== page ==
Alignment behind the team's strategies and ambitious goals is a vital, so too having the agility to flex strategy in the face of constant changes in technology and the performance of competitors.
- Data-Driven Performance
More than any other sport, Formula One has embraced a data-driven business culture, particularly as regards its near-obsession with marginal gains and continuous improvement.
Starting in the late 1980’s teams began to develop the ability to gather, process, store and utilise information streams in order to better manage risk, optimise performance and guarantee outcomes.
Data acquisition and analytics is now a cornerstone technology, enabling drivers, trackside engineers and headquarters staff to determine precisely how the car and driver is behaving, diagnose issues, resolve problems and speed decision making. As information flows seamlessly around the globe, linking car, team and factory, data security is essential, and robust systems ensure protection from multiple threats.
The use of simulators has transformed driver training, enabling systems to be learned, tested and developed in a virtual environment prior to real-world deployment. And with the advent of additive manufacturing, machine learning and AI across Formula One, the sport’s use of Big Data to transform all aspects of its operations is set to accelerate further.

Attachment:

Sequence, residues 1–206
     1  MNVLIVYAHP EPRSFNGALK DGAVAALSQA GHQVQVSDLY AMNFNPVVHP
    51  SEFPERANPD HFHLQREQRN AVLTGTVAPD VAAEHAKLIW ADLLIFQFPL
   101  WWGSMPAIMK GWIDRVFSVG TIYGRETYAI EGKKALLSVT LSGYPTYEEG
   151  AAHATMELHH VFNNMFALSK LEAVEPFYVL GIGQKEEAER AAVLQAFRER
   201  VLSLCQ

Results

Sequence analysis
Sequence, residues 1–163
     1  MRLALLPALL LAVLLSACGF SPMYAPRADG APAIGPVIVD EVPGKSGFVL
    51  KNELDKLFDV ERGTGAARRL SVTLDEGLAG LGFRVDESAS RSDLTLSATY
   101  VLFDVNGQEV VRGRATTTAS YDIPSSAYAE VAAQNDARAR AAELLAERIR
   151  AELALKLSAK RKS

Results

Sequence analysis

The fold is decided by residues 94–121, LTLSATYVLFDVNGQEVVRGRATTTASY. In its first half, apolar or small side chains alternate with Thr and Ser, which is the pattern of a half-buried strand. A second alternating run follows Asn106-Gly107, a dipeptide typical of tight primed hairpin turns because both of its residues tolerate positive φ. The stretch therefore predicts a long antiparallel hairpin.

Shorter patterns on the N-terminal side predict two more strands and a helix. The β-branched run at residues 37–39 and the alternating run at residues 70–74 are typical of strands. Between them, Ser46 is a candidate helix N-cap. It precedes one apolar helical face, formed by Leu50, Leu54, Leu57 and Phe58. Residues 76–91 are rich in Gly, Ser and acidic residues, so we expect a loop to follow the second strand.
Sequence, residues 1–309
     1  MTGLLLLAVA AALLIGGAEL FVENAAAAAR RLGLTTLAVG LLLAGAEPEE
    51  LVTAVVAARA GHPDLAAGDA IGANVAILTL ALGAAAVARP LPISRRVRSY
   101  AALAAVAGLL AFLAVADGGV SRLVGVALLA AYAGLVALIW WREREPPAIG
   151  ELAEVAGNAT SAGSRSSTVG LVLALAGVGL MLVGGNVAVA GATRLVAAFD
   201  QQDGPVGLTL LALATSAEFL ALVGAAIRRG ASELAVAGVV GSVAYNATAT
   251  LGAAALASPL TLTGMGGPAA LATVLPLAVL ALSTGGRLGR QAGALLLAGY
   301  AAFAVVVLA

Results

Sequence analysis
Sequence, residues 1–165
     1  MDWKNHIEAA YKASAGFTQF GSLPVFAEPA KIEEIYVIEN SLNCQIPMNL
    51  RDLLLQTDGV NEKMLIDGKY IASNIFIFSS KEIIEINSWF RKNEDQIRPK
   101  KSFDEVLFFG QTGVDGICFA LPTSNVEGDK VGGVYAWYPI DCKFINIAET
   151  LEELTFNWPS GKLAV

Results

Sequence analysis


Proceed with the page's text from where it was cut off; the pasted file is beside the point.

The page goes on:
- Safety and Risk Management
Safety is a first order priority in Formula One and the last 25 years have seen a profound change to the way in which the sport manages risk. Between 1950 and 1994 there were over 40 driver fatalities at events; there has been one since. This has been made possible by creating clear priorities as regards safety, mandated by the sport’s leadership and shared by the individual teams and race promoters.
Process safety has played a key part in this transformation, whilst a data-driven approach to understanding incidents and accidents, backed up by extensive research and development, has created cars capable of withstanding high-energy impacts, and fully protecting their occupants.